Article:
Vladimir Putin: One has to admit that the performance of rail transport does not look so bad by comparison with that of other sectors. Beginning from approximately 1997 labour productivity in the sector has been growing at the annual rate of 5%, if I am not mistaken.
At the same time, no incentives have yet been created for improving the quality of services and cutting costs and tariffs. We know, and the Minister knows as well as any of us, that accumulated internal reserves can be quickly frittered away. Individuals and enterprises engaged in economic activities rightly complain about constantly growing costs.
Certainly there are many problems in terms of the cost of services and the quality of these services. The Trans-Siberian Railway is perhaps the most vivid example.
Although the Ministry has invested heavily in its reconstruction, about a billion dollars, and in spite of its competitive advantage for shippers who move their goods from Asia to Europe and back, the railway often cannot hold its own in competition. Carriers prefer alternative corridors between Asia and Europe.
I believe that reform should achieve the following fundamental goals. First, of course, making rail transport more efficient, which is the overarching goal.
Next, there is the need for more effective state regulation in this sphere. Today, as we know, the Ministry of Railways is both a business entity and a government body. Everyone understands that this is not a normal situation.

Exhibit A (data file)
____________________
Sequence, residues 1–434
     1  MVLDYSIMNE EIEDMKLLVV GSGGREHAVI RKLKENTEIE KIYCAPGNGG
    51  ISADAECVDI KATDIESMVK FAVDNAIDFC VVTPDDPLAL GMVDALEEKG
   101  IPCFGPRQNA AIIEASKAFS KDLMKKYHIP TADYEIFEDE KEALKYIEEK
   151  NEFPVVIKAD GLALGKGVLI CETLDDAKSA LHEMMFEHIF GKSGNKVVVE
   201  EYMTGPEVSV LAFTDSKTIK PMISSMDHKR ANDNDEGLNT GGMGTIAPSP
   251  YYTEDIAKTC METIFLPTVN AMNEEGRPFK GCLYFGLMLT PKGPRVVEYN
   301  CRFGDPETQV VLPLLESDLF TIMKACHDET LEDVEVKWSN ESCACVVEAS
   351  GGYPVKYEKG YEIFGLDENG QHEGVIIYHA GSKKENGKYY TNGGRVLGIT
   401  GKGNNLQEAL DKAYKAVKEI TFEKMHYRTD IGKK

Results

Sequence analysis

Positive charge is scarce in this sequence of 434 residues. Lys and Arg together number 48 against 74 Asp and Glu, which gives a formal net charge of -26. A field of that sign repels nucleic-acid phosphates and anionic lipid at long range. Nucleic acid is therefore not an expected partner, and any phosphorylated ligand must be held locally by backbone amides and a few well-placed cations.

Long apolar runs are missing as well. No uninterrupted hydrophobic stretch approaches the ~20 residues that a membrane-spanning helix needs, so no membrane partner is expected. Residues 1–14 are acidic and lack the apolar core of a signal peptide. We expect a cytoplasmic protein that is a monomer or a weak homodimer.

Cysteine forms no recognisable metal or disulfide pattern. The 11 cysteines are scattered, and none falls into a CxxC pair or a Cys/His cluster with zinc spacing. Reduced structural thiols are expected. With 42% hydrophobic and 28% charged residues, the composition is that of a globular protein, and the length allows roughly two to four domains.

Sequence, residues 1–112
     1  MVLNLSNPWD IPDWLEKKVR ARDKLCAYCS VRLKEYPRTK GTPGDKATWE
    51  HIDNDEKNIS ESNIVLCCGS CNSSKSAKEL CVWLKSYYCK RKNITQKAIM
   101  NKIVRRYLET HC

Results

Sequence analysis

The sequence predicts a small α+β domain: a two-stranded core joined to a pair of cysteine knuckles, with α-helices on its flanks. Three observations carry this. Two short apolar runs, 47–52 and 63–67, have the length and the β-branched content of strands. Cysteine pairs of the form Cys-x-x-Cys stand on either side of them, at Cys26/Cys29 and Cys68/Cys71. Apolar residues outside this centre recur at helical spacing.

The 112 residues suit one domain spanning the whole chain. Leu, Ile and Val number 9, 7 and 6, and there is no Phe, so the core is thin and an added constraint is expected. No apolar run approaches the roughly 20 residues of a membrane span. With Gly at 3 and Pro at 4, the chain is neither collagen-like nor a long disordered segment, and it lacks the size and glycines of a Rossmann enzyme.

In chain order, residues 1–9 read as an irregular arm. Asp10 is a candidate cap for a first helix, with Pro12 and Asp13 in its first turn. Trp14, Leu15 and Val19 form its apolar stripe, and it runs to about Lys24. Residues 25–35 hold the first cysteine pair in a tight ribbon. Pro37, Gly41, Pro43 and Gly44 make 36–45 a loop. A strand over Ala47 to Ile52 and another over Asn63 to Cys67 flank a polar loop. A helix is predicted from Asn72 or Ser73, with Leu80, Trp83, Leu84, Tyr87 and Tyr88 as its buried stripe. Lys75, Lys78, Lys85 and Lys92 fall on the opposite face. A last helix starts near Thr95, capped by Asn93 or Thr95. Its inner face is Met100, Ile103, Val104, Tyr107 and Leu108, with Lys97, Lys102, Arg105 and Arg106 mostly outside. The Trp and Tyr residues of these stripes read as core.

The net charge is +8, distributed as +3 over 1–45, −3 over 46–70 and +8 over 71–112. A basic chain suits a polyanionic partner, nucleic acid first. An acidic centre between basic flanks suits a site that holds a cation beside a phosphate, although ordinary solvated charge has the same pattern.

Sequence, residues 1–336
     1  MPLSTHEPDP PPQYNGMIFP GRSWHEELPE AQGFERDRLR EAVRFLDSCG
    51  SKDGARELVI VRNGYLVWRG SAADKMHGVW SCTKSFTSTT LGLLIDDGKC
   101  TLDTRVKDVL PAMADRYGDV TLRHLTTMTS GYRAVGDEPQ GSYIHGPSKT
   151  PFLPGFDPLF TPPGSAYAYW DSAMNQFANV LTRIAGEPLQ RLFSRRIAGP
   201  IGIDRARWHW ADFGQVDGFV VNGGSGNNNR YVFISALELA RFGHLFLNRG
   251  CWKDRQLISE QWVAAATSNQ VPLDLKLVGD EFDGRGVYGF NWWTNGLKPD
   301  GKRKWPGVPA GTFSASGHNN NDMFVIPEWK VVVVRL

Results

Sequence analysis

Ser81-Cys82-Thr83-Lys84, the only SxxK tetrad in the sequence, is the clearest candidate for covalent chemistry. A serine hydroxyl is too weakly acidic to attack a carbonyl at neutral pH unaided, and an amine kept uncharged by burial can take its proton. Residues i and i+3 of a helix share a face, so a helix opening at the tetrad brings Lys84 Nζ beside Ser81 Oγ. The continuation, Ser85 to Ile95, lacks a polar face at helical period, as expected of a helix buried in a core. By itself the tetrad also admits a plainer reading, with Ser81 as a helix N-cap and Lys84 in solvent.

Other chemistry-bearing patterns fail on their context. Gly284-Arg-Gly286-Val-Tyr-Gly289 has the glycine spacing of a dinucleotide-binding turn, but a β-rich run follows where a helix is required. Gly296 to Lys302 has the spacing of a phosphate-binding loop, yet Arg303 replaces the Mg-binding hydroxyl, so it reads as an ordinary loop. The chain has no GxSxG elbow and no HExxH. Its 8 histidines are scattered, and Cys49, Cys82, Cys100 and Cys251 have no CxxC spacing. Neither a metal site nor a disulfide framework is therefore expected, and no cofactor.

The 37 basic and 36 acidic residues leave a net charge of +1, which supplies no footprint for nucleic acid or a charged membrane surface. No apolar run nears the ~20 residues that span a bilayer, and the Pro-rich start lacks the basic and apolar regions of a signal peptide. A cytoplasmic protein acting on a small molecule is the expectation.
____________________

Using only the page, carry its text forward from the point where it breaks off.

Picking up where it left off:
It is important to make rail transport, its entire structure and individual enterprises transparent. To rule out misspending of money.
Of course we should get rid of cross-subsidies. As it is, either transport sucks resources out of the economy or the economy is subsidized by low tariffs.
Last but not least, is the social safety net for railway workers. We know that all transformations involve restructuring. Railway workers must not suffer, and resources must be ready for retraining personnel, if necessary. The top executives of the industry and the Economics Ministry and the Government should think in advance about how to address the social problems of those who work in rail transport today and will work there tomorrow.
That is what I have to say on the main topic. The State Council is currently discussing some other, equally important problems. The next meeting of the State Council will address the problems of the housing and utilities sector. I very much hope that the issue will be prepared for discussion by May. I think it is no less important for the nation than the question we are discussing today. It affects millions and millions of our citizens. And of course people expect competent and effective moves on our part, on the part of the Government: better services, and more order in this sphere. We know how important it is and we have raised the issue more than once. I hope that the State Council will make a considerable contribution to this work.